The shades of grey between being ridiculously successful or mediocre

Become your own measure of success. Pic by Patricia Serna.

I never trusted award shows. Maybe because I know the advertising industry too well.

Awards have a magical effect. They make awardees feel invincible, and turn others into losers overnight.

I witnessed many advertising creatives and executives doing anything to receive an award. From presenting fake work as real or exchange votes behind the curtains.

Awards are not the problem. What they say about our society is. We love to draw a line between people. Depending on which side you stand, you are either ridiculously successful or just mediocre.

Success gurus are feeding this in your brain too. They tell you to stop being average at anything, that you either smart or just average or that one simple behavior will help you cross the line and achieve success.

I feel pity for the victims of oversimplified mind scams.

The reality is a little bit more complex. Statistically speaking, the vast majority of us are going to be average. But that doesn’t mean you are not worthy of appreciation.

As this brilliant post explains, only 1,000 people out of the world population will have significant influence at any given time. That means that over 7,199,999,000 individuals won’t be considered ridiculously successful. In other words, almost every human would have to accept being unnoticed.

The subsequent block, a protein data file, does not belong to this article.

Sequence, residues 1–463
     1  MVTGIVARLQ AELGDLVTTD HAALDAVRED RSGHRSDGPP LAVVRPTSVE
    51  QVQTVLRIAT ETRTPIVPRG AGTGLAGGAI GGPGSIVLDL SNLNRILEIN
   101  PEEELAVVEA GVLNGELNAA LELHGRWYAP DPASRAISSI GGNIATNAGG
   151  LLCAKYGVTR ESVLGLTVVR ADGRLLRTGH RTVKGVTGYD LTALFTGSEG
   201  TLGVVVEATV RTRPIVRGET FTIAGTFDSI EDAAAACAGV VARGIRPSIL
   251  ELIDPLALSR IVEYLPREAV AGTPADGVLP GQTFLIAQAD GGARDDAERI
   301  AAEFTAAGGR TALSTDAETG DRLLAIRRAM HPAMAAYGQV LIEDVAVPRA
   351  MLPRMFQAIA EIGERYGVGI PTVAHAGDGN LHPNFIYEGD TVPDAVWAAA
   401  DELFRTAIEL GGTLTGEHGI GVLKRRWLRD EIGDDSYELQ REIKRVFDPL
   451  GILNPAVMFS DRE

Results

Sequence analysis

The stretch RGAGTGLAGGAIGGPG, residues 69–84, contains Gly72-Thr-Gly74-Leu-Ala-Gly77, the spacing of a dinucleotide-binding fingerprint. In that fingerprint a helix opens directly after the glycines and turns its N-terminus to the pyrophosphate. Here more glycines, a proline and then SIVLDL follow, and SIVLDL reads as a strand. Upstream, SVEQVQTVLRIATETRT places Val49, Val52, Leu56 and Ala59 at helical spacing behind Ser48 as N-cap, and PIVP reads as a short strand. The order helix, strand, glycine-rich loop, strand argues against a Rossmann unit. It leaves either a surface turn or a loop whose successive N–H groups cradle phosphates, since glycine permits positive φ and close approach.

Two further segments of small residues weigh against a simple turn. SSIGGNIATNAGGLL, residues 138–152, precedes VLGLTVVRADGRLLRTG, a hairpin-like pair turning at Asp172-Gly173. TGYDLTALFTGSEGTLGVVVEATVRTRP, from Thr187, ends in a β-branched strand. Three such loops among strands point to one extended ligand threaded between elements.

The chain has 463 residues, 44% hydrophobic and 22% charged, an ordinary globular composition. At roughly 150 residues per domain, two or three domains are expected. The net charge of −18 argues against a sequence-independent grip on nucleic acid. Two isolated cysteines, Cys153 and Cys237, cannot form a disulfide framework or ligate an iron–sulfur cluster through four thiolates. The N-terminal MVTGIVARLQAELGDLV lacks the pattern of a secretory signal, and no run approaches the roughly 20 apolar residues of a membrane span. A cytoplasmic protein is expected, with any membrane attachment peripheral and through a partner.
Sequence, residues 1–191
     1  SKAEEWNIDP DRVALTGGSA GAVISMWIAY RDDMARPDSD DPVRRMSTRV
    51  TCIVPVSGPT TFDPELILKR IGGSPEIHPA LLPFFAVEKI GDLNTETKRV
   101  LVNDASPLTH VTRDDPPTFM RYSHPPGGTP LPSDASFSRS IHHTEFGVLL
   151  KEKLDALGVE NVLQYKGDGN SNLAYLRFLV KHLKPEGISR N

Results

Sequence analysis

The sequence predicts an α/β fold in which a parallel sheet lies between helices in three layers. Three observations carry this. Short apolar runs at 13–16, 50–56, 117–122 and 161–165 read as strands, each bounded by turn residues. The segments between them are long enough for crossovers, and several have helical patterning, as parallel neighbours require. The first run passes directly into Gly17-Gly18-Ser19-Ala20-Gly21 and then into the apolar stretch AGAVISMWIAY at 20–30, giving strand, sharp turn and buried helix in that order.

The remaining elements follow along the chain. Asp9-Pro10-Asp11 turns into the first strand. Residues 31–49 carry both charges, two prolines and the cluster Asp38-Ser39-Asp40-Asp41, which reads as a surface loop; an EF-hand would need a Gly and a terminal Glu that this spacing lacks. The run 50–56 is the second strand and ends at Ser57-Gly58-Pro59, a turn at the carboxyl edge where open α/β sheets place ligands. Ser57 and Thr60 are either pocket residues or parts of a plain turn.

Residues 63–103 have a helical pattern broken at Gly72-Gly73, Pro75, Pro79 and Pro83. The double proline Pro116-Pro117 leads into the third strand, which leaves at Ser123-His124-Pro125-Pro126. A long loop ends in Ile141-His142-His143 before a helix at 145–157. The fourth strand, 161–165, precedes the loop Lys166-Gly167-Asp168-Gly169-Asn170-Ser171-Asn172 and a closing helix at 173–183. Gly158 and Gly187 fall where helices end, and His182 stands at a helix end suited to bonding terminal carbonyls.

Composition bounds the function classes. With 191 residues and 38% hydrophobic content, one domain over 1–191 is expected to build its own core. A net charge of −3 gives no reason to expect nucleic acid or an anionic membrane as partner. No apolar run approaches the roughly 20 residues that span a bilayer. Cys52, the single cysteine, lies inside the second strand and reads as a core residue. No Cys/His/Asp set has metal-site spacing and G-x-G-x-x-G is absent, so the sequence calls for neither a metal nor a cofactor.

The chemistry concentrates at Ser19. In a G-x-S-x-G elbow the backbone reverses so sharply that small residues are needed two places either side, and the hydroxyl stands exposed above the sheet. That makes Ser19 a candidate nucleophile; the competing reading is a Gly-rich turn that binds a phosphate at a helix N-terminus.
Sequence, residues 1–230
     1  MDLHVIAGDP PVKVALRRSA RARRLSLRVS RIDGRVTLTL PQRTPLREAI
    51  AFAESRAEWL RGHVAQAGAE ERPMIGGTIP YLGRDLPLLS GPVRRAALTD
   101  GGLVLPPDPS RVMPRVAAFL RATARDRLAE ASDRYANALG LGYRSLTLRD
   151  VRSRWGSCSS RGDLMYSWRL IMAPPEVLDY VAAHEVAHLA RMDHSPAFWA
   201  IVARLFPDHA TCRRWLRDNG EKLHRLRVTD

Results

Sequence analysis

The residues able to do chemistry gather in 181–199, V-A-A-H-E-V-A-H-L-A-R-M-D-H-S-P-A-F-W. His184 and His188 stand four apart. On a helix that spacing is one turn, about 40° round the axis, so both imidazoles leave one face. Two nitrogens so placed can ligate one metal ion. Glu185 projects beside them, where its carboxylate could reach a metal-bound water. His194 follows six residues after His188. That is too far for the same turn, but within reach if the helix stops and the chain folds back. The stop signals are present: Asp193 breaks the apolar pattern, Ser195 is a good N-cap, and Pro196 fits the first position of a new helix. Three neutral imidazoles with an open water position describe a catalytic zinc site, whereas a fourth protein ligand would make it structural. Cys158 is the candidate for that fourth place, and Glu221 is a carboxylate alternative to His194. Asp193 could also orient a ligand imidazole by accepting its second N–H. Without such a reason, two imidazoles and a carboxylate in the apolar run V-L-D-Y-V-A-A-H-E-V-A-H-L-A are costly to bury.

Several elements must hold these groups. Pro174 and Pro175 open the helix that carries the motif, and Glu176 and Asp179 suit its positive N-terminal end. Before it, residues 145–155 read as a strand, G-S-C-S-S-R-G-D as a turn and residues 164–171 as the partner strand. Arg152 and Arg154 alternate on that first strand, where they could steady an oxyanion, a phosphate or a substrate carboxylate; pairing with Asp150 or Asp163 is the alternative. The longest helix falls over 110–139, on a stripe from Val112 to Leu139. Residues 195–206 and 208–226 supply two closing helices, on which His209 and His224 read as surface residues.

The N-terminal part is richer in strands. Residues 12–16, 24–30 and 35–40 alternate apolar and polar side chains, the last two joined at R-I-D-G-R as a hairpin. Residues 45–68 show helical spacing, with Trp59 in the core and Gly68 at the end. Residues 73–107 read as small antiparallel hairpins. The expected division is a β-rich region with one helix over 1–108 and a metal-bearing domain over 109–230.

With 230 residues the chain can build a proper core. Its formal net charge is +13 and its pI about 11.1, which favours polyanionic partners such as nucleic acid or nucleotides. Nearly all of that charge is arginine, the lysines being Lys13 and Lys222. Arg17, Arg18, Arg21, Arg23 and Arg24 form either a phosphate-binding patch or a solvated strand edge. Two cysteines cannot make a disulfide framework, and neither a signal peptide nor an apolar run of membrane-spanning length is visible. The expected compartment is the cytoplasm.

But, you know what?

You can be above average and still be extraordinary.

Defining your own measure of success takes courage. But that’s how you get started.

Who Has the Authority to Draw the Line?

“To punish me for my contempt for authority, fate made me an authority myself.”
― Albert Einstein

Hierarchy is the way human beings keep everything under control.

Back in 1860, the only way to break through as an artist was if your work was exhibited by the Paris Salon. Rejection was the norm. And artists would kill themselves (literally) when they weren’t accepted.

That’s the price you pay when you accept other people’s standards: you are either ‘one of the chosen few’ or you are mediocre.

Famous French painters that included Edgar Degas, Paul Cézanne, Claude Monet, and August-Renoir were all rejected by the Paris Salon. Luckily, they created their own definition of success.